or, stuff that I dragged out of my head

Location: Moncton, New Brunswick, Canada

Friday, January 01, 2010

Bless You

A whole new year lies before us, ripe with promises to be broken and mistakes to be made!

The promises, of course, come in the form of resolutions which we all seem unable to keep from making, resolutions we could have made at any time of the year--but then they wouldn't have the same impact, would they? And it's a given, a cliché, that most of them will not be lived up to. So this year I'm not even going to bother. I have a mental list of improvements to myself that I'd like to make, but I'm not going to kid myself that I will actually accomplish any of this. Then, if I do, I'll be pleasantly surprised, and a better person, too.

But don't count on it.


I am one of those titanic, cyclonic sneezers, unfortunately, and today I had a couple of doozies, after which I naturally found myself wondering where the word "sneeze" might come from, since it is a fairly ridiculous word.

Before I go any farther, I need to tell you that once upon a time, there was a typographic convention known as the "long s", which you can see here

in an image which I totally stole from this blog and will return if need be. (The blog is called Babelstone, and the entry on long ess--god, it is ever detailed and complete! I'm so envious.) You can read more about it as usual in Wikipedia, but what you mostly need to know right now is that 1) it is in fact the letter "s", but used at the beginning and in the middle of words, and 2) it looks awfully like lowercase "f" (except that it doesn't have a crossbar, but only a little stub on the left side), which 3) has led to much confusion and minor hilarity in modern times. "The faithful ftork"? Comedy gold!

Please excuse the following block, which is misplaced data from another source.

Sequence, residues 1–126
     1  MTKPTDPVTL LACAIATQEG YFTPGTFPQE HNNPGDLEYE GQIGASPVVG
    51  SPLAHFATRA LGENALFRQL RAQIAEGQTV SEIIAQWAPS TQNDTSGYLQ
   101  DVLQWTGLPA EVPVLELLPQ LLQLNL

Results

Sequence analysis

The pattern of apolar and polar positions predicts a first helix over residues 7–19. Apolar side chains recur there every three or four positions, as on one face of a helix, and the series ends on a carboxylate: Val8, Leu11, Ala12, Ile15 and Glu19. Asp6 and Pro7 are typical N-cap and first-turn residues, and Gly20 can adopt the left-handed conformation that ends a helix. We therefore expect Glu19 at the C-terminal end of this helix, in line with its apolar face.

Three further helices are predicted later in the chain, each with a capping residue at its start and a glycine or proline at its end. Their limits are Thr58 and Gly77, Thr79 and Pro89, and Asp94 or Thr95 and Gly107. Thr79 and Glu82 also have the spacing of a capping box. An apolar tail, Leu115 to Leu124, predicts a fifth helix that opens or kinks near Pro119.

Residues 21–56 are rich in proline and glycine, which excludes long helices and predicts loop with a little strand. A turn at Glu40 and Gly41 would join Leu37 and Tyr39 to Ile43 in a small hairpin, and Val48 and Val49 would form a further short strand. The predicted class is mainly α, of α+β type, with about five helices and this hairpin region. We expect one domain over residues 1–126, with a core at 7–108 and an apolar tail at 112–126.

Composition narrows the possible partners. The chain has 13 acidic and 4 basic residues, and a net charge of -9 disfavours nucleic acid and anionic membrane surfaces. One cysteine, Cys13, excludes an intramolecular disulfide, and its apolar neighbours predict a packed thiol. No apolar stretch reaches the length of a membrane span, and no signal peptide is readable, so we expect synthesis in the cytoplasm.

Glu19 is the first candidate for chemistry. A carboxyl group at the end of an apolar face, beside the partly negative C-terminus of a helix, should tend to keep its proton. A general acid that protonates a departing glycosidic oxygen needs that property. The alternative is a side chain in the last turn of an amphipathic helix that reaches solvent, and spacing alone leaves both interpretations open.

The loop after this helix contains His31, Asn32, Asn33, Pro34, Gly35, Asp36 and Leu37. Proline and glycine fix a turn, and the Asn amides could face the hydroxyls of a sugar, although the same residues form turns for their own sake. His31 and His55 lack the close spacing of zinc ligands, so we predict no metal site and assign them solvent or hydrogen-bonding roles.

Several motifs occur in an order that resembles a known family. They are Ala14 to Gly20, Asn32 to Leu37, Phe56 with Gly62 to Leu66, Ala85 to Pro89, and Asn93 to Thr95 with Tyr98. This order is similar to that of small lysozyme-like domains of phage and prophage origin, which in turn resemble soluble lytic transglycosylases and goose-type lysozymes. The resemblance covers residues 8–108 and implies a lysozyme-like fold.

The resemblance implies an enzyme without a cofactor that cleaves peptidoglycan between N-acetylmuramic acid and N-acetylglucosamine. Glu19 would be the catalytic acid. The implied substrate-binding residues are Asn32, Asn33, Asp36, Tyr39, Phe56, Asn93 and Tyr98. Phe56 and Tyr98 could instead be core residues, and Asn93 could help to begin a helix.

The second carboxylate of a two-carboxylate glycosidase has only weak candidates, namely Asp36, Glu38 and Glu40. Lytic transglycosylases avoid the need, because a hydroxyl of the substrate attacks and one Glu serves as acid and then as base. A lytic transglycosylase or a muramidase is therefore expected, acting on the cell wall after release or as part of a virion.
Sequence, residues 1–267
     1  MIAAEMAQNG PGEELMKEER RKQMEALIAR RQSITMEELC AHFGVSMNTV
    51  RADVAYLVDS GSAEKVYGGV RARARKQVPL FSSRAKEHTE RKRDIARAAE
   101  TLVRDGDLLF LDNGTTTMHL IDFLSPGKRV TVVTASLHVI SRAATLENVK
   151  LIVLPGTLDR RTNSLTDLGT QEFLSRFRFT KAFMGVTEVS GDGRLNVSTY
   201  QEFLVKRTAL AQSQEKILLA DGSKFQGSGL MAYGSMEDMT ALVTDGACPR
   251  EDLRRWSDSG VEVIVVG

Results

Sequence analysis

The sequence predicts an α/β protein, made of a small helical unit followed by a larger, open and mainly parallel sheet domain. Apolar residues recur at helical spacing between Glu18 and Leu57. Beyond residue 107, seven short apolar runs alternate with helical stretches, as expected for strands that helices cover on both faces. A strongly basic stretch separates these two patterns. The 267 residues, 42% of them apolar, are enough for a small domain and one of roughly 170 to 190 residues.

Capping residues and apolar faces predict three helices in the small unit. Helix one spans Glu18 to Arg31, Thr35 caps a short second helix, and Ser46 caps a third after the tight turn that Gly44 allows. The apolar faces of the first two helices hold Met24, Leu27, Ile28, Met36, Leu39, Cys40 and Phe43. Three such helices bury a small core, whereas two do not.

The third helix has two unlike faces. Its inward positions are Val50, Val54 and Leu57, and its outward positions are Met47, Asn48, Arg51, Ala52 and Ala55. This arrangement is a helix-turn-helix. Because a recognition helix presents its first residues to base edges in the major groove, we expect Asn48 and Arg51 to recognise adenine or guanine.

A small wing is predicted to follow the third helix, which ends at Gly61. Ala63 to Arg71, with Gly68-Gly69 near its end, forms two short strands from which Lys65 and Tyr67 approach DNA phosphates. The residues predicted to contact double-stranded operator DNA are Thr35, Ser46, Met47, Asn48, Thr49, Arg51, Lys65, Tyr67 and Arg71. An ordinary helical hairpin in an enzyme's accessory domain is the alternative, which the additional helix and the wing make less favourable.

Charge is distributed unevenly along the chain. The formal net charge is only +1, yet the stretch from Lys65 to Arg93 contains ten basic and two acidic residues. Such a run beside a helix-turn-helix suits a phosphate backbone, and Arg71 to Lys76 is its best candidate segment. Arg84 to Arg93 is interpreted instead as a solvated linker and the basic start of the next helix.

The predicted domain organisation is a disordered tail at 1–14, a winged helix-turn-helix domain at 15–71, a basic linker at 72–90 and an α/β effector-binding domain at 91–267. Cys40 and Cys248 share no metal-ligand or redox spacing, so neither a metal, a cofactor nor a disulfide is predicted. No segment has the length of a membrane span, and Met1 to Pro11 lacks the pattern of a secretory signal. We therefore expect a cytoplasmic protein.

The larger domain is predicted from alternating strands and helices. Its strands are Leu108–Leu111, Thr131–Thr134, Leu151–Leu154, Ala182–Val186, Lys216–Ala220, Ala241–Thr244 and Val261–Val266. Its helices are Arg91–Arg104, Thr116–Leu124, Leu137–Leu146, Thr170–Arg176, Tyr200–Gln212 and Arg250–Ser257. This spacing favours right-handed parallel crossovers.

Right then. The German word for "to sneeze" is "niesen", which is pronounced exactly like "sneezin'" without the ess at the beginning. This seems at first glance like a promising source for the English word, but where might that ess have come from? A mystery!

As it turns out, the progenitors or relatives of the German and English versions of the word include Old Norse "fnysa" and Dutch dialectical "fneizen". As soon as you see those, if you know that the long ess exists, then your brain has got to be telling you that because of the confusion between "f" and long "s", at some point someone turned a version of "fneizen"--to be precise, Middle English "fnesen"--into something like "sneizen"--again, to be precise, "snesen"--and that was the end of that. This, of course, is just what did happen, and so we don't fneeze, we sneeze. I certainly do.

"Gesundheit", by the way, I have already dealt with here.


Anonymous Anonymous said...

Useful piece

Saturday, January 02, 2010 5:52:00 AM  

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